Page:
In Horbal v. Moxham National Bank, 548 Pa. 39 (Pa. 1997), the Pennsylvania Supreme Court decided whether a Certificate of Deposit ("CD") that was assigned to the bank by the mortgagor as additional security for the loan could be liquidated and applied to the remaining debt on a mortgage after the bank bought the property for a nominal sum at a Sheriff's Sale and neglected to petition to fix the fair market value of the house. In Horbal, the Pennsylvania Supreme Court held that the bank could liquidate the CD and apply the proceeds to the outstanding loan balance, reasoning that the DJA was designed only to protect a debtor's personal assets at the date of the Sheriff's Sale. 697 A.2d at 582-83. The bank became vested in all rights to the CD when the assignment documents were executed, and, therefore, the CD was not a personal asset of the debtor at the time of the Sheriff's Sale. Id. Thus, the DJA did not apply and the bank was free to liquidate the CD as per the assignment. Id. at 583. The court also based its decision on public policy, reasoning that providing creditors with such protection "encourage[s] lending and increase[s] the ability t obtain a properly secured loan." Id.
Defendants argue that the DJA should apply to the insurance proceeds and, as a result, Plaintiff's rights in the insurance proceeds extinguished when the Fitzgeralds' debt was marked as satisfied in full. However, the instant case is more similar to the case in Horbal than any of the cases cited by Defendants to support the proposition that the DJA is applicable. Like the CD in Horbal, the insurance check was not a personal asset of the Fitzgeralds at the time of the Sheriff's Sale. Plaintiff's rights in the insurance check vested at the time it was issued; Option One was a named co-payee on the front of the check, the mortgage agreement provided that the Fitzgeralds were obligated to turn the check over to Option One, who had sole and absolute discretion about how to apply the funds, and Option One was listed as an "additional interest" on the insurance policy. Moreover, because the check was made out to the Fitzgeralds and Option One, the Fitzgeralds were non-alternative co-payees and therefore did not have a right to deposit the check without having it indorsed by all other payees, including Plaintiff. That is the say, at the time the check was issued, the Fitzgeralds had no rights in the check without Plaintiff's endorsement, which was never received. Thus, Plaintiffs are not seeking to recover the debtor's personal assets after the debt was marked as satisfied in full, but are trying to recover the proceeds of an instrument that was rightfully theirs at the time it was issued. These rights vested well before the foreclosure on the Fitzgeralds' property and are not affected by the Sheriff's Sale. Therefore, the DJA does not apply in this case and Plaintiff's claims on the check were not extinguished by virtue of the Satisfaction Order.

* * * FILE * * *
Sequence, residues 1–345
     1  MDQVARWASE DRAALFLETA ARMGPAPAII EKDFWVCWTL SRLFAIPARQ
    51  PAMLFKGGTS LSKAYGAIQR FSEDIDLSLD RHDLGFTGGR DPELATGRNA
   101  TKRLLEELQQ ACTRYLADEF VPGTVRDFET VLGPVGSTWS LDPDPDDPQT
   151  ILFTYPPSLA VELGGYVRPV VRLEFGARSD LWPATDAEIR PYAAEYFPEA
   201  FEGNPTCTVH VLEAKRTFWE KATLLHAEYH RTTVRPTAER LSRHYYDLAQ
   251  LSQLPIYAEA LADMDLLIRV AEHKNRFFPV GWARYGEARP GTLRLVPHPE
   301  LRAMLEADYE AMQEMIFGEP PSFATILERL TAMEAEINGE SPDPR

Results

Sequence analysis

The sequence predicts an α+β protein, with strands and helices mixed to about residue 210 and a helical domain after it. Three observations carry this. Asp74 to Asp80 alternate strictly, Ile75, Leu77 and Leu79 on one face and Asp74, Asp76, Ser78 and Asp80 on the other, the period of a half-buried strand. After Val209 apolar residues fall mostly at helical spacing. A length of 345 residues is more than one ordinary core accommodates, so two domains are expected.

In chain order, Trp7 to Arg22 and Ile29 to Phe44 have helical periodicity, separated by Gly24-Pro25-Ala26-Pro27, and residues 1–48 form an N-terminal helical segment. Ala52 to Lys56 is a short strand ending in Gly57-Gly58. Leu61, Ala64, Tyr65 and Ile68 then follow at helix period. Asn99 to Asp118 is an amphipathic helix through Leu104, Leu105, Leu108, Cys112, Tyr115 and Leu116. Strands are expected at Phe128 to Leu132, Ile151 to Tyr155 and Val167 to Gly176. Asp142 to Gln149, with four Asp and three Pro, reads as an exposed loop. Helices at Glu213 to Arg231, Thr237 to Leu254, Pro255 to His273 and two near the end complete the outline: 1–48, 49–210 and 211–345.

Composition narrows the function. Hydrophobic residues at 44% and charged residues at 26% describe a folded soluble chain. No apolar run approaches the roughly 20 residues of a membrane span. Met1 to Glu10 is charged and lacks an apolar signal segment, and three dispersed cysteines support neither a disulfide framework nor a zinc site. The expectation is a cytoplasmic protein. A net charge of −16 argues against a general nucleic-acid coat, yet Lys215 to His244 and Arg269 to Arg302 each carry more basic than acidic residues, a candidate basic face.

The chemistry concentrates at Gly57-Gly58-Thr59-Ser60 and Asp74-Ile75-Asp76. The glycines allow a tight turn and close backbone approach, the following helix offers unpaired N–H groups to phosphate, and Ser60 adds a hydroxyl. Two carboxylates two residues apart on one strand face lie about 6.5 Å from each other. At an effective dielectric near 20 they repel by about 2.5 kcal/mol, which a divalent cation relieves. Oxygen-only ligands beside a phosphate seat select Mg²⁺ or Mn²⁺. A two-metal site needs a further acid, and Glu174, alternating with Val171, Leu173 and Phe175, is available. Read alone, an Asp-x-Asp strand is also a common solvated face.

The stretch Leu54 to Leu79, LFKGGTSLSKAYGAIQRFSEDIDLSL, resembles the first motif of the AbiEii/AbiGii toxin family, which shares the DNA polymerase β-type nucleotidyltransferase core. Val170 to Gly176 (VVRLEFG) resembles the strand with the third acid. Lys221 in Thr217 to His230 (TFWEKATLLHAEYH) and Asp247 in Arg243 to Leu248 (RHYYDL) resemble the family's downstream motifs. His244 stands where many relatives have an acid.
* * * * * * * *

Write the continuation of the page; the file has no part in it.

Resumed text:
Furthermore, this decision is consistent with the policy argument articulated by the Pennsylvania Supreme Court in Horbal. Mortgage clauses that require homeowners to procure hazard insurance with the creditor as a named beneficiary protect creditors from situations where a homeowner simply walks away from a large mortgage debt after the home is damaged or destroyed. If the DJA applied in such a situation, creditors would have to foreclose on the property, buy it for the a nominal price, and either a) hope to make the outstanding loan amount back on the sale of the property that has had its value drastically reduced by the destroyed dwelling, b) undertake the cost of rebuilding on the property, and hope that this raises the price of the property enough to cover the cost of both rebuilding on the property and the outstanding loan amount, or c) petition to fix the fair market value of a possibly worthless piece of property, apply that amount to the outstanding loan, and try to recover the difference from a potentially judgment-proof plaintiff. The insurance proceeds protect the creditor and debtor both by giving the creditor the option of applying the funds to the outstanding debt, thereby securing the creditor and relieving the debtor of his obligations, or dispersing the money to the debtor so that he can repair his destroyed home. Thus, the policy justifications behind the holding in Horbal are equally applicable to the facts of this case.Because the DJA is not applicable to the current case, Defendants' Motion for Summary Judgment on this ground will be denied.
B. PLAINTIFF'S STANDING
Pursuant to 15 PA. CONST. STAT. ANN. § 4141(a), a foreign corporation cannot bring suit in Pennsylvania unless it is registered to do business in Pennsylvania, nor may suit be brought by a successor corporation "until a certificate of authority has been obtained by the corporation or by a corporation that has acquired all or substantially all of its assets." If a corporation is not properly registered to do business in Pennsylvania when it initiates its suit, "compliance with the registration statute during the course of the lawsuit is sufficient to entitle a foreign corporation to continue its prosecution of that lawsuit." International Investors, Inc. v. Berger, 363 A.2d 1262, 1264 (Pa. Super. 1976).